12. MrBubbles

    MrBubbles GBAtemp Fan

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    Oh boy, how many does it take to kill a MicroSD? How excessive are we talking about?
     
  13. Destructobot

    Destructobot Crave the Hammer

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    Generally, somewhere between 10,000 and 100,000 erase/write cycles. Reading data does not cause wear on flash memory.
     
  14. shinmai

    shinmai Member

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    Hope this isn't TOO off-topic, but what's the "paper trick"?
    I'm about ready start trying just about anything with my R4. No other problems, but if the card wiggles or moves in the slot even a little bit, some of the connectors from the slot get disconnected or shorted with the connectors on the cart.

    Unlike my passcard, my R4 doesn't have individual compartments for the connectors, so even a little movement can make it short. Anything I could do about this?

    I've been thinking about taking the back off my old passcard and screwing it on the R4, but I'd also have to cut out a hole for the microds and all that, and really feel like there must be a better way :D
     
  15. arsehat

    arsehat GBAtemp Regular

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    Unless your R4 is extremely poorly manufactured, or you've stuffed the connector in the DS, I wouldn't worry about adjacent tracks shorting when the cartridge is wiggled a little. It's more likely that the spring-loaded contacts are losing contact with the fingers in the cartridge, and that's where the paper shims come in.

    There are various ways to do this. My personal favourite is to open up the cartridge and cut out a piece of thick paper or thin card to stick between the board and the inside of the label side of the cartridge. I usually do this with the info sheet from inside Kingston memory card packs - I cut around the edge of the board carefully with a craft knife. I don't use a piece that covers the whole back any more - about half a centimetre beyond the hole is enough - the important thing is to make sure the contacts on the PCB are raised a little further towards the spring contacts in the DS.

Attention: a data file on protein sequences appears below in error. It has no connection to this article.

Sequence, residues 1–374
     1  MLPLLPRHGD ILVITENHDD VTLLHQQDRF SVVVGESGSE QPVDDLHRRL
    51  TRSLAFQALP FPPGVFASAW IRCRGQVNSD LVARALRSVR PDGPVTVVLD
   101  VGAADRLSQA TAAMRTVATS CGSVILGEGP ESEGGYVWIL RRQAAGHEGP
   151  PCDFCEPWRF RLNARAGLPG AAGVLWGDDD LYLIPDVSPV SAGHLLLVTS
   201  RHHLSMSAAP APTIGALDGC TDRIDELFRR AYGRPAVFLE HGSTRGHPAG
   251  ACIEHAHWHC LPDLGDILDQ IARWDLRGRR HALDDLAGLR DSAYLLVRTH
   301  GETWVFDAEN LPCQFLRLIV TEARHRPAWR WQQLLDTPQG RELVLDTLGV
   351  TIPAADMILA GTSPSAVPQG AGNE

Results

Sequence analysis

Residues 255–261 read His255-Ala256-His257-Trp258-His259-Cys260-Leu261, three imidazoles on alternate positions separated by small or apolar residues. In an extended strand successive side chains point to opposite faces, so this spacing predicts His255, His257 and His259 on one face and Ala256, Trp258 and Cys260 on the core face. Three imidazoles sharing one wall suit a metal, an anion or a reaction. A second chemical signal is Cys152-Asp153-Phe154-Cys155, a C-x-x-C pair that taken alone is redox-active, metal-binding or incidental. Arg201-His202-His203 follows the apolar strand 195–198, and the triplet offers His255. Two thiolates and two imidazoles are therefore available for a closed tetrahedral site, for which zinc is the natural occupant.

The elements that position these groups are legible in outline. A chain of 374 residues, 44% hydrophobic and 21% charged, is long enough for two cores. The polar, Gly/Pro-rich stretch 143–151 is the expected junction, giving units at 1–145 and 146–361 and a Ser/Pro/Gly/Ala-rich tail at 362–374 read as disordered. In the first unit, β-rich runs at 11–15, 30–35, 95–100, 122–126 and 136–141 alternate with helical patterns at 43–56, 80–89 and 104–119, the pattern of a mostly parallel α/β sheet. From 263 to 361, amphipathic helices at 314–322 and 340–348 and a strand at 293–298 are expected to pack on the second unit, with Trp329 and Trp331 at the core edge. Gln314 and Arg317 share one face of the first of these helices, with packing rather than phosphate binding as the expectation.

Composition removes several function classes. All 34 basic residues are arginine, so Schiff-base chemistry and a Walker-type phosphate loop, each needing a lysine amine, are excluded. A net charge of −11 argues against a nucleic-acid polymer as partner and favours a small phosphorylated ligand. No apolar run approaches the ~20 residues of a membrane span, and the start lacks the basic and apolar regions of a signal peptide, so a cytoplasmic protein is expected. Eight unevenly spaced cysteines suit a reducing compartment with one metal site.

Others have reported success with a few layers of tape on the back of the board behind the connector traces, but I'm worried about the adhesive bleeding around the edge of the board or through some of the through-board connections or whatever - ever seen what cheap insulation tape is like a year after it's been applied?

    For testing purposes, you could wedge a layer or two of paper or thin card down between the label-side of the cartridge and the slot - again, the idea is to press the edge connector further towards the spring-loaded contacts.

    You might also have some success with something like some overhead transparency film secured to the back of the cartridge with something like very thin photo-mounting tape - many people know scrapbookers they could get a small quantity of this kind of tape from, and I often find myself raiding Mrs Arsehat's scrapbooking supplies for various reasons. If I ever have this kind of problem with my TTDS, that's the approach I'm going to have to try because those suckers are glued shut.